Because of his largess and his innocence about money, Louis endured IRS problems till the end of his life. He died virtually penniless in 1981, with his funeral paid for by his long time friend and former competitor Max Schmeling.

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Father Divine in Harlem

Father Divine in Harlem (acrylic on canvas) 30" x 48"
He looked out for himself
That son of freed slaves
That no name particle of life
Who called himself Divine!
From gardener to preacher
With flowing words
Borrowed from Filmore
And made his own.
He conned blacks and whites alike
From Baltimore, to Brooklyn to Sayville New York and into Harlem
He took money for his efforts
And forbade sex among his followers
Even the married ones
When all were penniless, he thrived
Opening hotels and restaurants and clothing shops
And Worldwide branches of a Peace Movement conjured up
A capitalist and a communist,
A charlatan and a priest.
A fraud and a prophet

Arrested and acquitted
Again and again
He fled from New York
All the while
Preying on the poor and gullible.
Committing crimes of man
Under the word of God

The Duke Ellington Orchestra

The Duke Ellington Orchestra (acrylic on canvas) 24 x 36"

Composer and pianist Percy Grainger said of Duke Ellington, “The three greatest composers who ever lived are Bach, Delius and Duke Ellington. Unfortunately Bachj is dead, Delius very ill, but we are happy to have with us today, The Duke.”

Duke Ellington was much more than a composer; he was a phenomenon. The grandson of a former American slave, Edward Kennedy Ellington was born in 1899 and began taking piano lessons at the age of nine. His mother, Daisy, surrounded her son with dignified women which refined his manners, taught him to live elegantly, and gave him the bearing of a young nobleman.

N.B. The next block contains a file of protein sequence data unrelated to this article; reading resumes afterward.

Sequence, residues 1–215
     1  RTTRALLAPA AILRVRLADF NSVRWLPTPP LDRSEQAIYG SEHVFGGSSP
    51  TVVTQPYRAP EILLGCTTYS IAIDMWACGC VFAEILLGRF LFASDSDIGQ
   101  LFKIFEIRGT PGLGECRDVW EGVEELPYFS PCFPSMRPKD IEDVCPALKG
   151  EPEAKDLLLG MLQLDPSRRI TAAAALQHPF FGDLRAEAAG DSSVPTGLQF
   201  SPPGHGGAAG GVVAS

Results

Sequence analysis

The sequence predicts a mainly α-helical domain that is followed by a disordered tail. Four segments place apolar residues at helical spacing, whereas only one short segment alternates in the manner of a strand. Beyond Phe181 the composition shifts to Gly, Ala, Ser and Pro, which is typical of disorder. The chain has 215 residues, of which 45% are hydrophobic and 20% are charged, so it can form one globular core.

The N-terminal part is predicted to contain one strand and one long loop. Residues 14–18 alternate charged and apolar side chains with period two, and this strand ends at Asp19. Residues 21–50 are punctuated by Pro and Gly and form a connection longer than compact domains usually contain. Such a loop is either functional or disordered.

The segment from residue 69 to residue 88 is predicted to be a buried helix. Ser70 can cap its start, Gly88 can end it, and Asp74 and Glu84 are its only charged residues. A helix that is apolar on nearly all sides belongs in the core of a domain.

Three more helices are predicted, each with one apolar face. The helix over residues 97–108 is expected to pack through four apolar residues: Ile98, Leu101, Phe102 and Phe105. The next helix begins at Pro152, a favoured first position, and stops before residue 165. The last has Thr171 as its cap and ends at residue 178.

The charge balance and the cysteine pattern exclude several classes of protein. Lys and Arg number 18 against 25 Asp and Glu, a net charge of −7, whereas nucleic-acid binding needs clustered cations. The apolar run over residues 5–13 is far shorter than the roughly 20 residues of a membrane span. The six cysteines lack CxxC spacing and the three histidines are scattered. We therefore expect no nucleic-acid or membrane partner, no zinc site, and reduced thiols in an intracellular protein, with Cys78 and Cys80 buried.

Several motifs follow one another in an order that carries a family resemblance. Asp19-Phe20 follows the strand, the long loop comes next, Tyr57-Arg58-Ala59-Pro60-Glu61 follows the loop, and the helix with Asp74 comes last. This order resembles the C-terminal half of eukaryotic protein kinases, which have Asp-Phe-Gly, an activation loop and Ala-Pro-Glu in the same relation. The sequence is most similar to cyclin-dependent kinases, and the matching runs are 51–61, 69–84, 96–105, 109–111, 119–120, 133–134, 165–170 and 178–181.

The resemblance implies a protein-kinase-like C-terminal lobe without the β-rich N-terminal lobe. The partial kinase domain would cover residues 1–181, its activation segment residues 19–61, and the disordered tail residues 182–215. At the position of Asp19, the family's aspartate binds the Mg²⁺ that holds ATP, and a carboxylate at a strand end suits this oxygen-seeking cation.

In his early years, he was more interested in baseball than in the piano, and wrote his first composition, “Soda Fountain Rag,” by ear, since he had not yet learned to read music. By the age of 16 he began playing gigs in caf├ęs and clubs in the Washington DC area while attending Armstrong Manual Training School.

Ellington thought of his music as “American Music” rather than “jazz.” He and his group became the “house band” of the Cotton Club in Harlem, New York in 1928, performing all of the music for the revues, which mixed comedy, dance numbers, vaudeville, burlesque, music, and illegal alcohol.

His popularity continued to grow during the 1930s with many of his greatest hits being written and performed at the Cotton Club before an all “white” audience. Ellington wrote many “standards” including: Sophisticated Lady; In a Sentimental Mood; and Prelude to Kiss. He also composed many songs in collaboration with pianist and arranger Billy Strayhorne, including “Lush Life”; “Satin Doll” and “Take the A Train.”

The music of Duke Ellington and Billy Strayhorne is beyond genre, and lives on in performances of their songs by many of today’s most popular singers, jazz groups and orchestras. Duke remained extremely, active in his later years, and created and performed his “Sacred Concerts” series between 1968 and his death in 1973.

He was nominated for a Pulitzer Prize in 1965, but turned it down, saying” Fate is being kind to me. Fate doesn’t want me to be famous too young.” Ellington later received a posthumous Pulitzer for his life-long body of work.